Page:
This week the governor presented his budget proposals in his State of the State address. Requests for many worthwhile programs were presented, but the source of funding is questionable.
Some of the increases include:
--An additional $18 million for Early Childhood Education
--Over $108 million for K-12 education
--$34 million for Higher Education
--An additional $1 million for A+ scholarships
--$6 million for tourism
--$3.9 million for ports and transportation
--$7 million for the arts
--$27.5 million for a 2 percent salary increase for state employees.
Again, many worthy causes, but the problem is paying for the increases.
The governor's additional money in the budget is based on four pieces of legislation that have not passed the General Assembly. Three of the four would amount to tax increases; the other is calculated on money from the federal government to expand Medicaid. In all, the governor still leaves a gap of $1.58 billion after all is said and done.
This is the largest budget ever proposed for the state, and I am convinced that this approach is unworkable. Rosie scenarios in this economy are not realistic or fair to Missouri taxpayers. We need to be honest about what revenue is expected, and what can be paid out. Taxpayers are held in an unfair position if the proposed tax increases are passed. Programs are held in an unfair position if monies are promised that cannot be delivered. Even worse, I believe, is borrowing that money and pushing increasing bills onto future taxpayers.
The Medicaid expansion as proposed by the governor would not be money paid in by Missouri taxpayers and then paid back to us. This scenario is bad enough in and of itself: it is sending our own tax money to Washington to have the federal government return it with all sorts of strings. Even worse is that a significant portion of this will be borrowed, and much of that borrowing comes from China. Our federal debt already exceeds $16.5 trillion. Do we really wish to push that mountain above $20 trillion? What kind of legacy does that leave for the next two or three generations? In fact, I fear we will not make it that far before we start feeling the adverse effects.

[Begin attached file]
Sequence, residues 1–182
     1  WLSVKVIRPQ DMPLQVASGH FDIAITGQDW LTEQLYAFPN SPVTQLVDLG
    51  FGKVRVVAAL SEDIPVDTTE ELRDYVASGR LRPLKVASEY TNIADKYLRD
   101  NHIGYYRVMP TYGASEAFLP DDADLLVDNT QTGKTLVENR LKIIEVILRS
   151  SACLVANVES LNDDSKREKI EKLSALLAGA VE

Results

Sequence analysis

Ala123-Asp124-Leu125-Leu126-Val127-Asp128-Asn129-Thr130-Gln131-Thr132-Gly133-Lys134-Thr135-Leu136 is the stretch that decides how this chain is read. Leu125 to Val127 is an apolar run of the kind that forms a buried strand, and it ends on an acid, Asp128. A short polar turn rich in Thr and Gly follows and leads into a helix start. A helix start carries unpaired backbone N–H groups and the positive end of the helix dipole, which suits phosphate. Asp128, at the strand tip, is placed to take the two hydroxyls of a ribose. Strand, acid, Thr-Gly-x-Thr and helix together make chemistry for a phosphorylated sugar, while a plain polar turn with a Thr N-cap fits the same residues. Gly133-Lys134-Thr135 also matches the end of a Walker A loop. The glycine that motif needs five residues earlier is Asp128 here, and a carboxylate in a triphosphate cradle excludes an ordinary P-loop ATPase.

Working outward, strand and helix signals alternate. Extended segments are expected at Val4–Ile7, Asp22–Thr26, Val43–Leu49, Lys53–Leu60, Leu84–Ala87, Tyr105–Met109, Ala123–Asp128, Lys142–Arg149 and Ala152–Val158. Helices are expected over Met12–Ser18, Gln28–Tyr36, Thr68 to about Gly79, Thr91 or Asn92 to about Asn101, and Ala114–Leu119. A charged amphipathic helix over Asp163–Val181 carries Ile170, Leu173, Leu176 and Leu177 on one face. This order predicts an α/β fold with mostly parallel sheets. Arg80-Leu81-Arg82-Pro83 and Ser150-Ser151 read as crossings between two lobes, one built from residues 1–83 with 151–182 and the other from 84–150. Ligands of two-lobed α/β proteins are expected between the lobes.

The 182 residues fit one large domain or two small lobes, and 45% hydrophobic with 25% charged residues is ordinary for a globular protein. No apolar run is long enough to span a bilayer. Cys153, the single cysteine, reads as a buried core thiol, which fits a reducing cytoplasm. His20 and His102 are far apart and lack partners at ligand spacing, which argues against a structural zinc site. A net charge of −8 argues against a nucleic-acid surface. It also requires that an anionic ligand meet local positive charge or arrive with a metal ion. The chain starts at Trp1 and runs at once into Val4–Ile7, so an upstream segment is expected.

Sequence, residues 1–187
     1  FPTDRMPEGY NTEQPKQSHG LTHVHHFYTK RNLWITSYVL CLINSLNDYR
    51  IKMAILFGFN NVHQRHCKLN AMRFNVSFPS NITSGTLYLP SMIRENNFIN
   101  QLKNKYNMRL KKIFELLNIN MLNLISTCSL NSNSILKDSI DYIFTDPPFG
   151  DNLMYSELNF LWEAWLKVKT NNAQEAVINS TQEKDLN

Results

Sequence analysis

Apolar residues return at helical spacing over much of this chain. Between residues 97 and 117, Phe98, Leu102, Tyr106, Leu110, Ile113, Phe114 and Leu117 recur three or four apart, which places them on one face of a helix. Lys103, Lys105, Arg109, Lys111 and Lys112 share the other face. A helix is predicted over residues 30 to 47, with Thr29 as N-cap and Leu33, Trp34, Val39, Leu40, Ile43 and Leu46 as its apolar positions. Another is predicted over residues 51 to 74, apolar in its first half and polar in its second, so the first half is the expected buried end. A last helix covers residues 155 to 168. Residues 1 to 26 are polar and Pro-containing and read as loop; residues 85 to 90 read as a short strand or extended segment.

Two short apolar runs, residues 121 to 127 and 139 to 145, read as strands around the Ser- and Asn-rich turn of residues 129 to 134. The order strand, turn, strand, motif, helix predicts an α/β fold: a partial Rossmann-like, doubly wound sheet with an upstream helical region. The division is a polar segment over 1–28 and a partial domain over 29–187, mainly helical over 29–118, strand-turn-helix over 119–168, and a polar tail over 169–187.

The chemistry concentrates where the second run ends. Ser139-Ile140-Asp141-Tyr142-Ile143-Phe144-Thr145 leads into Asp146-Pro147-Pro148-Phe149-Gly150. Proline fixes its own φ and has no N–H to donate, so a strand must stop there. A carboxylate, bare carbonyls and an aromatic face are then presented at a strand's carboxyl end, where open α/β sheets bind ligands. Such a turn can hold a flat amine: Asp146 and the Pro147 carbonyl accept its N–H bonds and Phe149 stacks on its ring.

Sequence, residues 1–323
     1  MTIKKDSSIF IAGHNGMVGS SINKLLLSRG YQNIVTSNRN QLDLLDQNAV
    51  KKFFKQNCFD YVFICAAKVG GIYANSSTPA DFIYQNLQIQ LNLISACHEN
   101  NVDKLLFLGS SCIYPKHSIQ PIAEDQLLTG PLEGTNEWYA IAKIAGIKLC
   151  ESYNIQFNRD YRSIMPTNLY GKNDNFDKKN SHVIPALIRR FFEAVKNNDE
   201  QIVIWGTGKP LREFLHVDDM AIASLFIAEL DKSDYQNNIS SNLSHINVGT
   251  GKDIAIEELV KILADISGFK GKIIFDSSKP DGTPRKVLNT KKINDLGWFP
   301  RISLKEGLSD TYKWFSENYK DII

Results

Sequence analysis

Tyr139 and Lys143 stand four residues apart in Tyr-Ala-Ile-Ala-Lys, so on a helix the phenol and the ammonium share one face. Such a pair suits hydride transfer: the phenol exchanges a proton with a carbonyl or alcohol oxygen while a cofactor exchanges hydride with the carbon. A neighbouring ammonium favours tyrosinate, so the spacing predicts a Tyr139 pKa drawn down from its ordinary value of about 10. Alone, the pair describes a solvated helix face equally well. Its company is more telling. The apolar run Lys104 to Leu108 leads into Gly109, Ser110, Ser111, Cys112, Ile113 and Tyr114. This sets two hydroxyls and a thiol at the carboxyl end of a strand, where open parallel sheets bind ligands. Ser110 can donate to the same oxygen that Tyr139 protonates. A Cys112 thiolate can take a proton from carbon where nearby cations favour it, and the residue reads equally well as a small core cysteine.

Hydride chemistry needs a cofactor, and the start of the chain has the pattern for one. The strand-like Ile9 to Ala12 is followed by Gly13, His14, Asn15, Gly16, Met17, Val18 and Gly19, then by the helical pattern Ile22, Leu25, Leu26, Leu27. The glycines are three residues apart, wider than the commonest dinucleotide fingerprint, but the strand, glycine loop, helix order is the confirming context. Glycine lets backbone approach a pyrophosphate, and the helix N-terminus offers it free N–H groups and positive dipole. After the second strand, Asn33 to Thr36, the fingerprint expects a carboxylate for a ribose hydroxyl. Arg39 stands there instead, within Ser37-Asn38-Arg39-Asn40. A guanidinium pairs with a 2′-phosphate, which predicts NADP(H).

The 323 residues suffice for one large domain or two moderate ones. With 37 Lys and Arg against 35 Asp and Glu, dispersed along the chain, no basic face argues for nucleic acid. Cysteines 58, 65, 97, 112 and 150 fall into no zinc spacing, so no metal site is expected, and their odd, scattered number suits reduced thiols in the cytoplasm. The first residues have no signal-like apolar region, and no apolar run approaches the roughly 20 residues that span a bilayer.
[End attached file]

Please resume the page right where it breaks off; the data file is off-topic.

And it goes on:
As your state representative and a member of the Education Appropriations Committee, I will work to be realistic about budgeting. I will also do my best to fairly divide that budget so that all students in Missouri will benefit and taxpayers will receive value for their tax dollars. No matter how these numbers are finally resolved, I will work to ensure that your dollars are being put to their best use.
Each week I will issue a capitol report to keep you informed of activities in Jefferson City. Any concerns or issues you might have are of great interest to me. I look forward to your input and thoughts, so please feel free to contact me at any time if you have questions, concerns, or ideas to improve our state government and the quality of life for all Missourians. My telephone number is 573-751-2204 or you may contact me be email at firstname.lastname@example.org.
Thank you for working with me to make Missouri a great place to live and work.